Also, Evan Bayh, Diane Feinstein, Ben Nelson, Mary Landrieu, Charles Schumer, and Thomas Carper are all aleged Democrats who are no longer worthy of your support. Of course, Joe Lieberman showed once again why the people of Connecticut made a big mistake last year.

This should have been a slam dunk rejection.

The only argument against sinking this nomination is that Bush would have just kept a temp in place for the rest of his term and the temp would have been worse than Mukasey. But that's a weak argument. Congress should have left Bush with an illegitimate AG.

Thursday, November 08, 2007

Waterboarding Can't Be Torture!

Mike Mukasey, who refused to answer the simple question (with an obvious answer) about whether or not waterboarding is torture, is our new attorney general. Idiots like Chuck Schumer (D-NY) aided this travesty.

Obviously, tying some one down and convincing them they will drown, is torture. It's an easy question.

Mukasey refused to answer it.

The following is an excerpt from a press release just sent from Arlen Specter's office that explains everything. Specter is praising the confirmation. But in his praise, he accidentally damns:

"Now, I do believe there were reasons Judge Mukasey did not express a judgment on waterboarding as being torture, although candidly it would have been my preference if he had done so, if he had agreed with my vote on the subject. But Judge Mu

asey said in written responses that he believed he could not make that pronouncement without placing people at risk to be sued or perhaps even criminally prosecuted. We know a few weeks ago, former Secretary of Defense Rumsfeld was in Paris at a time when people sought legal process against him. It was unclear whether it was a criminal procedure or a civil procedure. But we do know that many nations are exercising extraterritorial jurisdiction when they may consider conduct to be a violation of the law against humanity."

This is Specter's argument... the new attorney general of the United States should not have had to say whether or not he thought an activity was a crime because... if he did... the people who committed that crime might be prosecuted for it.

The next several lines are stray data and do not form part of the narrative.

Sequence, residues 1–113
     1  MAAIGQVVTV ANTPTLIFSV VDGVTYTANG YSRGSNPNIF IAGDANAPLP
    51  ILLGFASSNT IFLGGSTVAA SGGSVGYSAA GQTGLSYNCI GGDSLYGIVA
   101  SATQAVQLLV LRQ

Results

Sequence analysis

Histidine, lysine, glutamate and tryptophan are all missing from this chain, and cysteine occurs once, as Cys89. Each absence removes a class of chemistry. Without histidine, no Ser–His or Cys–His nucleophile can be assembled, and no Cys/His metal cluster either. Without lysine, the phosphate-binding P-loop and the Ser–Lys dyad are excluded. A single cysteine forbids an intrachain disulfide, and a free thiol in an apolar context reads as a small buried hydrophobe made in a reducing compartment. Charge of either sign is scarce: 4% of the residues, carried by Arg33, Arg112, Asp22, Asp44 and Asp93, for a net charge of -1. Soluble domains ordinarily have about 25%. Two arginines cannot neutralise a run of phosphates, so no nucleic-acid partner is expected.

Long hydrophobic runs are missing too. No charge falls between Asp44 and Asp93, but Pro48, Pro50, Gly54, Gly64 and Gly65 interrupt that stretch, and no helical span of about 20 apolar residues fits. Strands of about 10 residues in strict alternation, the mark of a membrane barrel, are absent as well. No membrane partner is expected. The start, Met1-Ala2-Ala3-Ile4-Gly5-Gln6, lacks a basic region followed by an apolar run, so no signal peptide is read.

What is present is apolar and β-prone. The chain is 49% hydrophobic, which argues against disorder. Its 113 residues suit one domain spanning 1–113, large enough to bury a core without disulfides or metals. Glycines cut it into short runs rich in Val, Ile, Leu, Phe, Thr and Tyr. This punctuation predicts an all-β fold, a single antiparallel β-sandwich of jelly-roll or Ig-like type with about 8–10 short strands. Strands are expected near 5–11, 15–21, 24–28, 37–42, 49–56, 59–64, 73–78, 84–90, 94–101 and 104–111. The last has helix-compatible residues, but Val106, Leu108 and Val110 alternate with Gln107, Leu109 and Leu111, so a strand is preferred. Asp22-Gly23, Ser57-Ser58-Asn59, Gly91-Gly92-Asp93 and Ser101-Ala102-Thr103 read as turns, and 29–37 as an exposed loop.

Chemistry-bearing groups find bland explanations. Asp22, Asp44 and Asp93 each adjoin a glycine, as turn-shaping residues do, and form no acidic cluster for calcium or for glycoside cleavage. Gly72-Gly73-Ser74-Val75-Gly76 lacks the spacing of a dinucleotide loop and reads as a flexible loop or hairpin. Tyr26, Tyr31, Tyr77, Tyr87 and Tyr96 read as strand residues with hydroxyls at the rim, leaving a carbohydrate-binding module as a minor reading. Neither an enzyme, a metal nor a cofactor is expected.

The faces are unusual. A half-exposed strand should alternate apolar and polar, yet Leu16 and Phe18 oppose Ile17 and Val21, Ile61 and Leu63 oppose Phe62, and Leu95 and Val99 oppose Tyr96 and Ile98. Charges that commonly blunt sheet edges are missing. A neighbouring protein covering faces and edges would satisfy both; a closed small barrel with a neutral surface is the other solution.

Well... I guess they're the "law and order" party. "Ain't a law if it messes up our order!"

Friday, November 02, 2007

Maybe He Could Try It

This post's topic is precisely the sort of nonsense that makes me not want to comment on the Bush administration: I'm writing political and logical analysis but know that I should probably be writing a review of absurdist theater.

Anyway, Bush's nominee for Attorney General, Michael Mukasey, just finished telling Congress that he couldn't say whether waterboarding constitutes torture but that, if it does, it's unconstitutional. His explanation for his inability to give an opinion was that he hasn't been briefed on what waterboarding involves.

Where exactly is the fairy kingdom that all these lawyers live in before being nominated for office and what magical properties does it have to keep them from knowing basic information about and giving thought to Roe v. Wade, torture, warrantless government surveillance, and other such questions familiar to tens of millions of people who aren't being offered high level positions based on our knowledge of the law? Can I move to that kingdom? I bet the trees are made of gumdrops and the skies are made of love.

It's pathetic enough that Supreme Court nominees pretend that they've never given serious thought to the hot-button issues of the day. They at least can claim that they might be called upon to rule on them someday and must therefore maintain their neutrality. Attorneys General, though, have to make policy decisions that necessarily eliminate the possibility of neutrality. It will be the next AG's job to say whether waterboarding constitutes torture. If Mukasey doesn't have an opinion about it, he's not taking the job offer seriously enough to deserve the job.

And, Senators, what's wrong with you? You knew about these hearings weeks in advance. What stopped you from sending him a registered letter and an e-mail saying, "We take very seriously the threat both to democracy and to America's reputation abroad posed by allegations of torture. We will be asking you whether you think waterboarding is torture. Please look into what it is so that you can offer informed comment." C'mon. Try harder.